If you don’t, of course, you can order the novel in paper or virtual form; places to do that are all around you on this site.  In any case it’s time to start the adventure that is The Ten Weeks.

The Party of “Healing” Needs to Start With Itself

We’re being told that the “healing” of our country will begin with the triumph of the Democrat party, but that hasn’t happened where they have a monopoly, as evidenced by this, from 2017:

One of the pipe dreams the left tells us that, “if we could get rid of these conservatives, we’d have harmony and comity.”  No where is that disproven more consistently than in California.  We’ve seen the slugfest over single-payer healthcare and this is yet another example.

The thing the left forgot which engenders debacles such as this is the class struggle.  For all of their talk about being the champions of the oppressed, liberals have forgotten about the importance of class differences.  Gentrification, for all the improvement it can develop, runs up already high housing and other living costs, dispossessing people of limited means.  It’s little wonder the current residents fight back.

This is what happens when the party of “the people” becomes the party of the elites.  Perhaps this is why the Republicans made the inroads they did in California during the last election.

The Tough Lesson of Augustine’s “Dear Marcellinus”

At the beginning of Augustine’s City of God we have this opening:

My dear Marcellinus: This work which I have begun makes good my promise to you.  In it I am undertaking nothing less than the task of defending the glorious City of God against those who prefer their own gods to its Founder.

Flavius Marcellinus was a high official of the Western Roman Emperor Honorius.  In 410–the year Alaric sacked Rome–he was given orders to suppress the Donatist churches in North Africa, which he proceeded to do.  But the Donatists resorted to the old Late Roman trick of laying a charge of treason against Marcellinus and his brother, accusing them of supporting a separate rebellion.  The Roman general Marinus, who had just put down the rebellion, put them on trial, secured a conviction, and had them executed just two short years after Augustine began the City of God.  Honorius exonerated Marcellinus the following year, but by that time it was too late.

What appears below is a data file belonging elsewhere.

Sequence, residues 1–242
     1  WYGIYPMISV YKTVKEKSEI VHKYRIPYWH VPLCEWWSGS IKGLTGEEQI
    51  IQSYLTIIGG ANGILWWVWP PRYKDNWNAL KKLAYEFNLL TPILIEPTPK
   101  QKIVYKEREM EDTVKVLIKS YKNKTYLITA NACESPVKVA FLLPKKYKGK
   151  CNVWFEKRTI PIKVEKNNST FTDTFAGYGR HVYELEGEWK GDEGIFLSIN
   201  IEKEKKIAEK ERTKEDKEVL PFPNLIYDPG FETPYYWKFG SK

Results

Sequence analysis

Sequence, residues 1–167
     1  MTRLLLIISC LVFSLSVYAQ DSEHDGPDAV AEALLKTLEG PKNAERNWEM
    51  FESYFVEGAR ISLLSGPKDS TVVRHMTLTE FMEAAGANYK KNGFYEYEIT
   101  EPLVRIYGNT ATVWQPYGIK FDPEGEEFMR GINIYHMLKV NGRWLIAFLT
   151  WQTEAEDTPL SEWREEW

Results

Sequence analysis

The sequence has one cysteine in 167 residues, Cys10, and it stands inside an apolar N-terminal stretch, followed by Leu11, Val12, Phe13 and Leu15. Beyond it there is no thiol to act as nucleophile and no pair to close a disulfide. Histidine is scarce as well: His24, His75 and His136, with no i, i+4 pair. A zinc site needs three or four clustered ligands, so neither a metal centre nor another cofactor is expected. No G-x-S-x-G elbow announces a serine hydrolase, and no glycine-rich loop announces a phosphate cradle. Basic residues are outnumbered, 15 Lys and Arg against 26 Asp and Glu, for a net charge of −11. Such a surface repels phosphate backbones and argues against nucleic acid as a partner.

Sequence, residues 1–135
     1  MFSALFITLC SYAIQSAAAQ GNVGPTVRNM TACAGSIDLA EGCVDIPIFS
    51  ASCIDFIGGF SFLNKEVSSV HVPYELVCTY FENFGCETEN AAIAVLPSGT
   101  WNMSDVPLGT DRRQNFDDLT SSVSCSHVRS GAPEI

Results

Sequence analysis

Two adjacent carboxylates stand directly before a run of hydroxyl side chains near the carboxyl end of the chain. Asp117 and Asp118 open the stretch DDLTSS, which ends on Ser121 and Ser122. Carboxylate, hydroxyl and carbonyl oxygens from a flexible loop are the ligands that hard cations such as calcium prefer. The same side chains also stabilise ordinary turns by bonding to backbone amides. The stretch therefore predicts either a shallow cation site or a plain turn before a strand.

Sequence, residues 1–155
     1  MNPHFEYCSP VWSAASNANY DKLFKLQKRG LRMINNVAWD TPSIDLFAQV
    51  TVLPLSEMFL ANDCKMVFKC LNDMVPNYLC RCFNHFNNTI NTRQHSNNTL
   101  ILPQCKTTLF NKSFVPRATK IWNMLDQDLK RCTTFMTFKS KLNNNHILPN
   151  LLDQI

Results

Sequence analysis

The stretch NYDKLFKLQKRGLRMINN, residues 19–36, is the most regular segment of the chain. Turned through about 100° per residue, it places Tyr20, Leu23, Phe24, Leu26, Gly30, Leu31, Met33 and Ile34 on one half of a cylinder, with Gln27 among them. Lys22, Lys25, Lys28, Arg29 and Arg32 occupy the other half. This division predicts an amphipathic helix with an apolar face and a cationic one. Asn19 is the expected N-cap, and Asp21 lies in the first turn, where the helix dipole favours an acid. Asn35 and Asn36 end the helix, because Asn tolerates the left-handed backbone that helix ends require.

Jean-Paul Laurens’ portrait of the Roman Emperor Honorius

When it came to “what happens when careerism goes south,” Rome was never a walk in the park, but after Marcus Aurelius things really got bad.  Careers of the great and incompetent alike ended in execution; Honorius, the weakest emperor at the most critical time, had his capable general Stilicho executed a few years earlier because he saw him as a rival.  The informant system–with information true and false–was destructive or deadly for many Romans, carried out by such masters of the art as Paul the Chain.  The river of blood continued after Rome fell apart, with Boethius writing his classic The Consolation of Philosophy while waiting execution, which came, after his fall.  Gregory of Tours’ account of Gaul beginning its transition to France was likewise a river of blood of those who ended up on the wrong side of ruthless power-holders such as Fredegund.

Christians tend to consider the fall of Rome as a result of a decline in their sexual morality, but there’s no evidence that Rome’s sexual morals were worse in the late period than the earlier one.  What was worse was what the French historian Ferdinand Lot referred to as the “corruption of the public spirit,” the decline of civic life and the communal idea that goes with it.  The Roman system was patronage driven from top to bottom, but when it was working properly it meant that those who aspired created a clientele which benefited from them while they moved up.  When the system broke down it was replace by an autocratic system where money and resources were forcibly pushed to the top to be dispensed to a bureaucracy which kept the power holders in place.  This led to the onerous taxation system of which Lactantius was the most famous chronicler.  Lactantius also noted that those who lived off of the tax system were more numerous than those who paid the taxes, and although that may have been an exaggeration there was definitely a retreat of the productive portion of the society, which in the end led to the system’s bankruptcy.